Compact tractor implements can be classified several ways such as agricultural or landscape; tillage, maintenance or materials handling; front, mid or rear; etc., but these categories are sometimes confusing and overlapping. Implements in this publication are listed alphabetically.

Pallet Forks

There are several ways to handle pallets with a compact tractor. The most common way is with a pallet fork attachment to replace the bucket on a front-end loader. Maneuvering forks in this configuration is more awkward than with a dedicated fork lift, but it is still a reasonably handy way to pick up and move pallets. Loaders on small compact tractors will not be able to lift heavy pallets. Counterweight on the rear of the tractor will be needed to pick up and move a pallet safely.

A faster and easier way of adding all steel bucket forks to a front-end loader is to mount the forks to the front of the bucket. There are kits that consist of hooks that mount to the top of the bucket. The forks are attached to a heavy steel bar across the tops of the forks. The driver just drives up to the forks, tilts the bucket so that the hooks grab the forks, then tilts it back and is ready to go. Some systems reverse the attachment method and put the bar on the bucket and the hooks on the forks. This system is easy to hitch to but has two major drawbacks: because it fits out in front of the bucket, it moves the load even further forward and reduces load capacity, and it is often impossible to see the bucket forks because of the bucket. This makes it difficult to pick up a pallet.

Fork lift attachments are also available for the rear of the tractor. Some mount to the 3-point hitch and are similar to hay forks; others are on wheels and pull behind the tractor. The 3-point hitch units can carry the heaviest load (for a given tractor size) of any tractor-mounted type. They are reasonably easy to maneuver, relatively inexpensive and easy to attach. They allow you to move pallets, but not lift or stack them.

The primary safety issues with pallet forks are avoiding overloads and overturns. Do not pick up more than your tractor is rated to handle. Be sure to keep the load low. Don’t lift a pallet high when on rough ground. If using pallet forks on a front-end loader, be careful to keep the forks level as you lift.


Visit our website: http://www.bucketsolutions.com, for further information about bucket forks, tractor forks, and all steel bucket forks.

Getting Attached: Maximize Efficiency Using Work Tools for Loaders

January 28th, 2013 by admin No comments »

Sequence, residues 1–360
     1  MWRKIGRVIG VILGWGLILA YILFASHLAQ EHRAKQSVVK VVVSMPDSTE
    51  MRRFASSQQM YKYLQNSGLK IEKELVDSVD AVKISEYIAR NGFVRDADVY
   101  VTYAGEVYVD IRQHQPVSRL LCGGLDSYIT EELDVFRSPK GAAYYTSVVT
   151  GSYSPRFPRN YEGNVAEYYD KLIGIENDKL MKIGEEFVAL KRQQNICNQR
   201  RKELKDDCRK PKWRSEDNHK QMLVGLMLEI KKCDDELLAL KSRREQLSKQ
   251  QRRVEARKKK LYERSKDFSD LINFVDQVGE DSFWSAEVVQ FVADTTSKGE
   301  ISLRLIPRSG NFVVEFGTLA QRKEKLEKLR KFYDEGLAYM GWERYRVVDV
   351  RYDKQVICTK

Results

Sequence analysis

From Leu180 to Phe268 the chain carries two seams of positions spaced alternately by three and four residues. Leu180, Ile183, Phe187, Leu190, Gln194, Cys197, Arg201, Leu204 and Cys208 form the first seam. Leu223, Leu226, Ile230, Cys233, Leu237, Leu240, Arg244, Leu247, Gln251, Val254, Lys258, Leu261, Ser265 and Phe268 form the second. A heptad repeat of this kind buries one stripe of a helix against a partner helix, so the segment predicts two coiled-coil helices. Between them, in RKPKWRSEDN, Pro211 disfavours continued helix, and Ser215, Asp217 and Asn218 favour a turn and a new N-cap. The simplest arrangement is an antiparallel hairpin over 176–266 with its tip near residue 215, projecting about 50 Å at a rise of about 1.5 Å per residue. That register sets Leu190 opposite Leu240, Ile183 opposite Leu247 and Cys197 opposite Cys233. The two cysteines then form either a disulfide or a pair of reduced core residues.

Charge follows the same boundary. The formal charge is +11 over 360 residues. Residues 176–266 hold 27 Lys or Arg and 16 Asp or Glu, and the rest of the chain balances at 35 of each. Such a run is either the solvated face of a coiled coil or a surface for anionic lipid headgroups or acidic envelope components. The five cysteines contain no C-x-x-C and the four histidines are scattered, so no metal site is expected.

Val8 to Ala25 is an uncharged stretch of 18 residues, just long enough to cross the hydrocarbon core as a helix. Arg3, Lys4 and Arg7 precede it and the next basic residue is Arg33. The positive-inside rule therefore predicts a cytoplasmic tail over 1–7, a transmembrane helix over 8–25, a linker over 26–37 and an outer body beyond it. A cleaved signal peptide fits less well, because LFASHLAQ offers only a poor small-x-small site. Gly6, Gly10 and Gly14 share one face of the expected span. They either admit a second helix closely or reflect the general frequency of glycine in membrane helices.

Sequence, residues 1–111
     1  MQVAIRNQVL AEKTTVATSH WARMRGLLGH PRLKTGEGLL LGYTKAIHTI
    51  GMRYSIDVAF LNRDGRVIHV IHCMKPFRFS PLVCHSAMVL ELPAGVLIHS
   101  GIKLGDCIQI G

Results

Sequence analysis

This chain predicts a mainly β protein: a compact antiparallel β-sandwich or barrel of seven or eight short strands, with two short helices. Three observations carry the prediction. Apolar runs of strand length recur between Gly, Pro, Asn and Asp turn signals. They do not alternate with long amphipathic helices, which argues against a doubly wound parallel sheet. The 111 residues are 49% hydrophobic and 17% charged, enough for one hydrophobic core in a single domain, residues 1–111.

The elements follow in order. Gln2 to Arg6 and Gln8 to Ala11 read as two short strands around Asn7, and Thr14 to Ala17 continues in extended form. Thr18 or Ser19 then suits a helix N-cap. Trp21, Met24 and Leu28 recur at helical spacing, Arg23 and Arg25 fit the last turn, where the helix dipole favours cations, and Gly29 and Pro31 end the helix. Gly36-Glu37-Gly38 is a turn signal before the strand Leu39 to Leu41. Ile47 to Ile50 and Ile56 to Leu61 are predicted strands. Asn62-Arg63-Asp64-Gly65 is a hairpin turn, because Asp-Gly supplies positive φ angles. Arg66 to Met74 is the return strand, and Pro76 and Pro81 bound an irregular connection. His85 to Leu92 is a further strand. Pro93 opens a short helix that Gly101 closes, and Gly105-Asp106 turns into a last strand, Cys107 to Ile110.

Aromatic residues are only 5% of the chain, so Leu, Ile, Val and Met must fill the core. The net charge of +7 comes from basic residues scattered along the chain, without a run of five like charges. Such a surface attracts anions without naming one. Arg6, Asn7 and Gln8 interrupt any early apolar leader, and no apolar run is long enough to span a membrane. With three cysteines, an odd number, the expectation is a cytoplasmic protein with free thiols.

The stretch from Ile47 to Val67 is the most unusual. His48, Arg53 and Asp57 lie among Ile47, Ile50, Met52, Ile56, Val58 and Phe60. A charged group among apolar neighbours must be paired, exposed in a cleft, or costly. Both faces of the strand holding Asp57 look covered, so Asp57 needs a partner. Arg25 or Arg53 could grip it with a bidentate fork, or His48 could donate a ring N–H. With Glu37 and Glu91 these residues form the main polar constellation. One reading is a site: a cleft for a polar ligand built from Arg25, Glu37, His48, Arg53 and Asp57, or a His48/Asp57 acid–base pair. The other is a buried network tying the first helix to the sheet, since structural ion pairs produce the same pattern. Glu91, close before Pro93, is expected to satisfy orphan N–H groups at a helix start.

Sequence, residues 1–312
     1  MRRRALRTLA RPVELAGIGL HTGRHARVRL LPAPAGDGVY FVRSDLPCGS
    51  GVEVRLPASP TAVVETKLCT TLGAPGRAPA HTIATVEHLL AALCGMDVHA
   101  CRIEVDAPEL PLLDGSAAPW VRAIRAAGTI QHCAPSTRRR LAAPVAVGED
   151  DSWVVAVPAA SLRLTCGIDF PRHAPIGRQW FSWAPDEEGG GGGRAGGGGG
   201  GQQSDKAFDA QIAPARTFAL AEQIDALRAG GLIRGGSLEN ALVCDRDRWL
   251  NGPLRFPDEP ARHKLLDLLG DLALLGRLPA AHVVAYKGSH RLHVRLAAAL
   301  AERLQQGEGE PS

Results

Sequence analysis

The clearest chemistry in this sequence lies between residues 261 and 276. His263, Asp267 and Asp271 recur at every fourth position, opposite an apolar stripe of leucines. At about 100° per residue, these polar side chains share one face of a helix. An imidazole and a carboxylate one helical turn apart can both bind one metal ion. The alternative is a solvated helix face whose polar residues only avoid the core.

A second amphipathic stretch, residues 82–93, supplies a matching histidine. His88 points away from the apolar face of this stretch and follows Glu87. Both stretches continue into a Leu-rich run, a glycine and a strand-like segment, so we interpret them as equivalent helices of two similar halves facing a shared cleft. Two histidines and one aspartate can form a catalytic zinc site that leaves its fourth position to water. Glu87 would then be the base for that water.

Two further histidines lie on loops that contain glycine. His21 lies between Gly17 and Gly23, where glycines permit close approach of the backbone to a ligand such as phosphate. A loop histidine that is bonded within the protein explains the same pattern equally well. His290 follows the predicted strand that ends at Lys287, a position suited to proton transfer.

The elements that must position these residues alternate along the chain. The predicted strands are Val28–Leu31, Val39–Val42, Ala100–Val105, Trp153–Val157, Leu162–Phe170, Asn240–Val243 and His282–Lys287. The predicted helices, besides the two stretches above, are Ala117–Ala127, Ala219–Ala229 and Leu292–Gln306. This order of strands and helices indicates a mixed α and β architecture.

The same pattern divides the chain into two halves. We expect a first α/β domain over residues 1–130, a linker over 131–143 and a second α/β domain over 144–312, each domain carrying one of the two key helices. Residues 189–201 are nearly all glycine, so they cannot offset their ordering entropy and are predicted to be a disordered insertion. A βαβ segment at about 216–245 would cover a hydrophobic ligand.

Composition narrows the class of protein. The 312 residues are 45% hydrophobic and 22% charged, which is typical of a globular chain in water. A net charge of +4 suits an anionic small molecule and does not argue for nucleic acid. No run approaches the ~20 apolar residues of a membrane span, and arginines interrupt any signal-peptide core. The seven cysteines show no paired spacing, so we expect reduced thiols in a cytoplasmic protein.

by Arbor Age | versalifteast.com

The more tasks a given machine can perform, the fewer dedicated-task machines it will be necessary to own. Skid-steer and utility loaders offer tremendous options.

The best way to maximize a loader’s potential is to take full advantage of work tools or attachments. Stump grinders, augers and other attachments offer versatility for tree care industry professionals, nurseries, landscapers and more.

“Compact loaders — whether they are skid-steer, track or all-wheel-steer — are versatile machines that have been used for years in a wide variety of applications,” said Gloria Palm ofBobcat Company. “However, the versatility of the loader is dependent on the attachments it’s equipped with.

“Attachments give the loader the ability to be used in many different applications without the cost associated with owning and hauling application-dedicated machines. A contractor can trailer a load used to perform multiple tasks that a job help contractors save money.”

According to Palm, a skid-steer loader and a fleet of various job-matched attachments are considerably less expensive than the price of application dedicated machines. The skid-steer loader and attachment combination is also are more maneuverable in confined areas.

“Applications-dedicated equipment is designed to serve one particular function,” said Palm. “When that function is finished, the machine sits idle while another machine designed to do another function works.”

Palm added that a skid-steer loader and attachment combination not only saves contractors money in equipment costs, but also provides the ability to offer more services. For example, in northern states, some treecare contractors have to shut down in the winter, but a skid-steer loader equipped with a snow blower attachment allows the contractor to offer other services to customers.

According to Caterpillar, manufacturers understand the importance of work tools and continued to develop new work tools to meet the needs of more applications. In addition, manufacturers also have improved existing work tools.

The following is a sample of some of the attachments sold by Bucket Solutions:

  • Light duty pallet forks – Lifts up to 1,200 lbs.
  • Medium duty pallet forks – Lifts up to 2,400 lbs.
  • Heavy duty pallet forks – Lifts up to 5,000 lbs.
  • Multi-spear ultra forks – Lifts up to 1,500 lbs.
  • Med/heavy duty debris forks – Lifts up to 4,000 lbs.
  • Round & square bale spears – Lifts up to 4,000 lbs.
  • Wood post & tree puller – Lifts up to 2,000 lbs.


To read more about hay spear bucket fork, light duty bucket forks, and all steel bucket forks, visit our website: http://www.bucketsolutions.com.